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Cross-Cultural Variation in Children and Families
1983 Volume VI


For over a century, commentators on the American family have tried to maintain two beliefs—first, that the millions of immigrants who came to the United States could be melted and recast into more or less uniform Americans and, second, that there existed a right way to raise children.

The first belief—the classical myth of the Melting Pot—was always in some doubt; little Italys and Chinatowns and ghettos of several sorts continued to flourish in American cities until our own days. True, the United States was unique among multicultural nations in managing to get almost all of its citizens to speak a common language but the uniformity of language was no proper measure of the cultural diversity that remained. In the ethnic revivals of the twentieth century, many of us were able at last to see clearly that the various metals that went into the Melting Pot kept their color and texture and density no matter what heat was applied to the brew.

The second belief—that the singular correct prescription could be written for the rearing of children—has been less often challenged. Defended on theological grounds by pastors, on physiological grounds by physicians, and lately on “scientific” grounds by psychologists, the normal American family still has a place in the hearts of Americans who write textbooks and laws and advice to parents.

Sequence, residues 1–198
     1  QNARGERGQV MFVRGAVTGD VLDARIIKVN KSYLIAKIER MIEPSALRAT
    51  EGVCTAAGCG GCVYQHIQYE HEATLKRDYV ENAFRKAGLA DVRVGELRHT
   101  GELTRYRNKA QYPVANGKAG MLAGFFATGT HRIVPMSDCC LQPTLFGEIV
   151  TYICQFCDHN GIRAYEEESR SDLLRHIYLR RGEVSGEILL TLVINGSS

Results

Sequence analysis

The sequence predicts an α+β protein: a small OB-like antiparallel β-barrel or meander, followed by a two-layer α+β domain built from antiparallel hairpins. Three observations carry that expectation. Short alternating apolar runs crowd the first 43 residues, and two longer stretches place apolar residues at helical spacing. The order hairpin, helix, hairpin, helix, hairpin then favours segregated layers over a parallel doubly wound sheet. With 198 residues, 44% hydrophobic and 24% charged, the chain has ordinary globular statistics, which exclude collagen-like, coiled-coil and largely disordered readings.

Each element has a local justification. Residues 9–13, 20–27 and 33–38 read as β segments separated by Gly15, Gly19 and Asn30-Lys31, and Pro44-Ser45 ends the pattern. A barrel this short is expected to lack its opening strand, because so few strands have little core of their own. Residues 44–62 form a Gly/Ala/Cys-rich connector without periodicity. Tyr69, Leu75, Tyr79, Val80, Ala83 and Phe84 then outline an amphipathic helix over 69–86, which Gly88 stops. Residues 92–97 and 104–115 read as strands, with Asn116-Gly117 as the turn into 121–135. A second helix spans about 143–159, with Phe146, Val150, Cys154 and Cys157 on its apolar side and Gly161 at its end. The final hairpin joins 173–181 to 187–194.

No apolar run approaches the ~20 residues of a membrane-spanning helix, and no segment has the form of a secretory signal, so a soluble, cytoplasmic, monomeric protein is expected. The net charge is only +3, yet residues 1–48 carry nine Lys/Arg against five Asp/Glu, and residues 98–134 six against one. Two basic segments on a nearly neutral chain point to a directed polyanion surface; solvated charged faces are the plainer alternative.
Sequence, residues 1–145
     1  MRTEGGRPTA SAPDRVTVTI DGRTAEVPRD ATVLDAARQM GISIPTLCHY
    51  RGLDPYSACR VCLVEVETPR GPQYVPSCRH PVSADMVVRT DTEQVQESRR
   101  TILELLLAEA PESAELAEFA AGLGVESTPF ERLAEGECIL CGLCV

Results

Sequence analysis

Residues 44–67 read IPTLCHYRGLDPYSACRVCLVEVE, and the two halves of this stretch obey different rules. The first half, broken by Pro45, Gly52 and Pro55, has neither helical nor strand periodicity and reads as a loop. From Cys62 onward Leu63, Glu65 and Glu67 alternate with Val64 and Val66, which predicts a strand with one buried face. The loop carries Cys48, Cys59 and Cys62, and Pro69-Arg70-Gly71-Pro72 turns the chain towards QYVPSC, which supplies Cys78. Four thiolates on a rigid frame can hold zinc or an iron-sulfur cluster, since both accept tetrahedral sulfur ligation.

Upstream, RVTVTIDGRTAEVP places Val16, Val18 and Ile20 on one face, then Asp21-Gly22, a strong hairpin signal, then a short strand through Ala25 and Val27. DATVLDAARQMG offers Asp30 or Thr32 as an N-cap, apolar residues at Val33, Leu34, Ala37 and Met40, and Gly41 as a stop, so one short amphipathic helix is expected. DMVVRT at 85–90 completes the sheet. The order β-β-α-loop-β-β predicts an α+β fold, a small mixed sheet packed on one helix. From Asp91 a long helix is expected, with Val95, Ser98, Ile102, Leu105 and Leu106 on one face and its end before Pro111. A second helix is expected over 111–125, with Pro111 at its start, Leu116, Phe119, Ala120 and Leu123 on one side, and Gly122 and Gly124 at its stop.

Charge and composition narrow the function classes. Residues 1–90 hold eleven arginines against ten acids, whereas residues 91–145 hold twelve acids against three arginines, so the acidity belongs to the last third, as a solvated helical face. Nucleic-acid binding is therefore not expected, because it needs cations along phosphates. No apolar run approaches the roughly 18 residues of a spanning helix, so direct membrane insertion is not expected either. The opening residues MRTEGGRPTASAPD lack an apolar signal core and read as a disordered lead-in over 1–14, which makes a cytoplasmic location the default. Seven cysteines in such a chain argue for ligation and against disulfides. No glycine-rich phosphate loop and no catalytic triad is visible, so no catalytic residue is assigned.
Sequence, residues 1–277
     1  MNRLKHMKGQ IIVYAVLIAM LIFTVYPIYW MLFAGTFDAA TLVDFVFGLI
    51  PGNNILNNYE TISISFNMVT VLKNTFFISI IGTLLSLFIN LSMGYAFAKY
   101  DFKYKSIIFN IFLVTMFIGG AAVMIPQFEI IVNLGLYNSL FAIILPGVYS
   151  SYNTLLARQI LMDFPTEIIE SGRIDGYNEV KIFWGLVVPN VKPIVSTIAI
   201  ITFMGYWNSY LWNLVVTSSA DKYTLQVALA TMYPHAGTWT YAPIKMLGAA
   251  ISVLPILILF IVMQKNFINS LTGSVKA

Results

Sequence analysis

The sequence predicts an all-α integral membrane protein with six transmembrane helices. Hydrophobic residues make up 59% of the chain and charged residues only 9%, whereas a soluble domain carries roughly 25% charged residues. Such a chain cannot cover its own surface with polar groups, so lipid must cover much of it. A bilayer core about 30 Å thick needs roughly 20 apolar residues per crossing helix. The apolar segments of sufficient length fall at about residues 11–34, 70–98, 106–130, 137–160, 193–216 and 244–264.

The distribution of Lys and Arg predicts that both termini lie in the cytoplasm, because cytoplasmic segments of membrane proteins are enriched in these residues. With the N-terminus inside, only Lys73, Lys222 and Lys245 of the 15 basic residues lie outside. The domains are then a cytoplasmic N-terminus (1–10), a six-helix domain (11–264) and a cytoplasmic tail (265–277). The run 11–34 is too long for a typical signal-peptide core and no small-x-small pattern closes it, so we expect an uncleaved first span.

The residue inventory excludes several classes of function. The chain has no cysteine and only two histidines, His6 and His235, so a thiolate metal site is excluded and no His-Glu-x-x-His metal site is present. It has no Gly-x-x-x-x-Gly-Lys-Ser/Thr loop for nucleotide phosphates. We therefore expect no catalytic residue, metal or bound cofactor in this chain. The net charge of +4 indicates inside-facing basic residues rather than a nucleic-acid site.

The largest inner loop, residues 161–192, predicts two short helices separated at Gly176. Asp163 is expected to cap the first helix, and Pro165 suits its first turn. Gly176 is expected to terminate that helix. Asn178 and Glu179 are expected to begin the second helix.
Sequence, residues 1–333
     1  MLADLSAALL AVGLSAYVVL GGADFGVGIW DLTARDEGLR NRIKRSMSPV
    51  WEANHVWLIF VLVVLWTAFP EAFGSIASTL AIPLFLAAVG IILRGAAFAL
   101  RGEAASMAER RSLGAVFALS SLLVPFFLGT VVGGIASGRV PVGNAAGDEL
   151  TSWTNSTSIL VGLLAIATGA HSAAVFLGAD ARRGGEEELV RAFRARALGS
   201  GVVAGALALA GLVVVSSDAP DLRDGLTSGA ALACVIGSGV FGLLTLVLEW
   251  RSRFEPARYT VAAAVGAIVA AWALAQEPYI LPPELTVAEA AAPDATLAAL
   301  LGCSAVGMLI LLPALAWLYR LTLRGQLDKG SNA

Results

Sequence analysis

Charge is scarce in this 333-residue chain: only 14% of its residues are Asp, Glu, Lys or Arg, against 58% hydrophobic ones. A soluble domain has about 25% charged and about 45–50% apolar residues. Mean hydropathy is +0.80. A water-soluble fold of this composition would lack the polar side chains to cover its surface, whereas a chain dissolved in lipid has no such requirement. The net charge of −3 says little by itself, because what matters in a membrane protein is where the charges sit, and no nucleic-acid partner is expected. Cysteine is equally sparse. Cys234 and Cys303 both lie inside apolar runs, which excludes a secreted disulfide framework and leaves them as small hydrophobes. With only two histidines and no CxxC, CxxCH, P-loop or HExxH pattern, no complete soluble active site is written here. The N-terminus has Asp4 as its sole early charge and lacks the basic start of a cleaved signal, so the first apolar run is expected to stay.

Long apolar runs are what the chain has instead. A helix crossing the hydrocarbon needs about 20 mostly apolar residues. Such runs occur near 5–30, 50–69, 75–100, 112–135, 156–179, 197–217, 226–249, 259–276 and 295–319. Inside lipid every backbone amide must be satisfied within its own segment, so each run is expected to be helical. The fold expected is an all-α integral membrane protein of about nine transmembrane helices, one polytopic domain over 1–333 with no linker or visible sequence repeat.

During the seminar which generated the teaching units that occupy the present volume, about a dozen of us faced the twin beliefs in the Melting Pot and the Right Family. We did so by looking at cultures other than our own, by glancing back at the changes that have taken place in the course of American history, and by reading about and discussing the several strands of variation that make up contemporary American culture. Just to keep the conversation within some boundaries, much of our work tended to concentrate on the character of that most cultureformed being, the American adolescent.

When time came for members of the seminar to choose a theme for development into a teaching unit, we demonstrated the thesis of the seminar in our own activities. The variety you will find in the following pages is a fair representation of the variety we found in our close look at contemporary America, particularly contemporary American cities. All of us hope that the units (or samples from the units) will be useful to teachers in social studies, history, psychology, and languages who want to present to their students some persuasive illustrations of the wonderful admixture that formed and is still forming the United States. You will find, in each of the units, a celebration of variation; the seminar came to recognize that, within the constitutional and moral boundaries that we all share, there is room for splendid and refreshing variation in the ways we and our children define themselves. And, although the conclusion is not as vividly displayed in the units as it was in our discussions, we recognized that there is no One Best System for raising children or constituting a family or growing up. Not a bad lesson—for parents or for teachers.

William Kessen

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